While my influence on friends of a friend through my travels was unexpected, the one place we do look to be a guiding light is with our children. Having learned our lessons before parenthood, we hope to be that beacon of wisdom that can infuse our children with knowledge without the necessity of living through the same mistakes we made. While we all discover that our abilities in this vein are limited, it is usually because we aren’t heard or heeded. Even so, I don’t think things necessarily worked out the way I had planned when my younger daughter joined me for a llama-pack on the John Muir Trail…
I’ve spent months living in the backcountry, and while there are those who have had to deal with more severe situations (animal attack, major injury and the like), and there are those who’ve spent a lot more time in wilderness (rangers, packers, trail crews, some guidebook authors and some really serious aficionados), I’ve felt like after all that time and all those mistakes that I have reached a place where I am about as comfortable in the wilderness (well, at least the pretty dry wildernesses of the southwest) as anybody. And so on this trip I could show my youngest just how it is done.
Lesson 3: Connections
As both a scientist and educator, you hope to have an impact that ripples through a broader population. Your scientific insights help others to make new discoveries, your teaching to help students to improve their lives and that of others they in turn impact. Most of the time, you really don’t know how successful you’ve been. Science can lumber off in the wrong direction while you might have been on the right path (or, of course, vice versa). Former students might never be in touch, or worse, might tell you you failed (yes, I had this happen. Encountering a fellow working at a science museum, I learned he had taken my intro historical geology class. “Has that helped you in your job here?” I asked. The response was quick and blunt: “No.”).
I would never have thought that I might have affected others in any serious way through my pursuit of backpacking. And I would not have guessed I would have learned of such an impact through a murder. And yet, that is my tale to tell…
GG has pointed out here and in The Mountains that Remade America that the Sawyer decision that ended hydraulic mining in most of the Sierra Nevada is a very interesting precedent when you consider global warming and oil and gas companies. We’re getting closer to seeing if the comparison will withstand real scrutiny, as the City of New York has filed suit (joining a number of smaller jurisdictions, including Boulder) against the five largest oil companies. As with the plaintiff in Woodruff v. North Bloomfield, the New York City case alleges material damages, and as in the older case, this was a consequence of the action of several companies. And as in that case, the only way to mitigate damage would be to leave large economic reserves of a mineral (as legally defined) in the ground. Arguably the 1884 decision recognized that the damage to a growing economic sector (agriculture) outweighed damage to a stagnant sector (gold mining). We’ll see if any judge in the U.S. wants to walk in Judge Sawyer’s footsteps….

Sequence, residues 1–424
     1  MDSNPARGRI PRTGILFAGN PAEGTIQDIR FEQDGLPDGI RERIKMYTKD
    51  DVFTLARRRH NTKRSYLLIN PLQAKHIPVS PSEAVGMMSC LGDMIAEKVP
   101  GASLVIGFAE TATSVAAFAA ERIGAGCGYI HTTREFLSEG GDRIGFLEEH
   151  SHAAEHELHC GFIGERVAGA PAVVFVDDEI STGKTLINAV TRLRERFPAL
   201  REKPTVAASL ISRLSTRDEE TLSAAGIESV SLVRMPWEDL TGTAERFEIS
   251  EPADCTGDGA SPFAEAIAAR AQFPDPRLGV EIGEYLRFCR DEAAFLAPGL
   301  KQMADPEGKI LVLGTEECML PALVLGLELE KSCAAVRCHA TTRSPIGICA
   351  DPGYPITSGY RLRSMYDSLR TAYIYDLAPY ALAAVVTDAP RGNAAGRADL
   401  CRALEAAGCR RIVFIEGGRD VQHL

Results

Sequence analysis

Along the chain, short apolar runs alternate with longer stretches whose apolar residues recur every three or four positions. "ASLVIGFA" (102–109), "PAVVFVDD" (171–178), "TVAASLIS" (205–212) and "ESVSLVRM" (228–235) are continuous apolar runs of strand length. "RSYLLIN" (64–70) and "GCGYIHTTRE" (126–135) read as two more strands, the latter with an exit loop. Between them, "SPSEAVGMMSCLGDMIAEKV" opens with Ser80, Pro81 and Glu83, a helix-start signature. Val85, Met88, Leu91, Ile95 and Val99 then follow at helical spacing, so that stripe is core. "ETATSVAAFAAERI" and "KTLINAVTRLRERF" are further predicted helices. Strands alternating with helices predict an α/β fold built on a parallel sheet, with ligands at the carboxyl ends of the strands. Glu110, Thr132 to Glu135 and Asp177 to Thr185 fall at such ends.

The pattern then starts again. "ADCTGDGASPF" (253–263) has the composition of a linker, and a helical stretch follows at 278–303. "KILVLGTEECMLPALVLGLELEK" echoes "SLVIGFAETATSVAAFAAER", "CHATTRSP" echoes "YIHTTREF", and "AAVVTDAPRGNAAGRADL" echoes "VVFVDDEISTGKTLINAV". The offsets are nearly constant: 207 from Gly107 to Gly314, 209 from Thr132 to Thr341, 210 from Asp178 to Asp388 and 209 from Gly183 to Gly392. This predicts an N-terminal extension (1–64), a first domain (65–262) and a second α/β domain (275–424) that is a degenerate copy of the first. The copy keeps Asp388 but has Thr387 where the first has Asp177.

Lesson 2: Perseverance (part 2)
Well, after getting in position in the backcountry to do seismology and well on the way to recovering from the setbacks of losing helpers and the blocked trail, we now got to start doing what we had come here for: deploying these bulky old seismometers.
We decided that bedrock on the valley wall would be our best choice for this first station [we missed a much easier exposure of bedrock just north of the ranger station area]; this meant we pulled out our packframes, lashed the gear to the frames, and struggled up the scree at the base of the west wall of the canyon.
For the most part, things went reasonably well. We found a nice spot to dig in our seismometer (an L4-3D if you are wondering), the seismograph unpacked OK and would run. But then we finally ran up against a serious problem. We had to figure out what the time on the seismograph was. It had to be within about a hundredth of a second, or all our effort would be wasted as the experiment (seismic tomography) required accurate times.
[As a reminder, the seismometer is the instrument that actually detects and amplifies ground motion, in this case varying voltage in wires that go to the seismograph, which further amplifies the signal and records it, in this case on the reel-to-reel tapes.]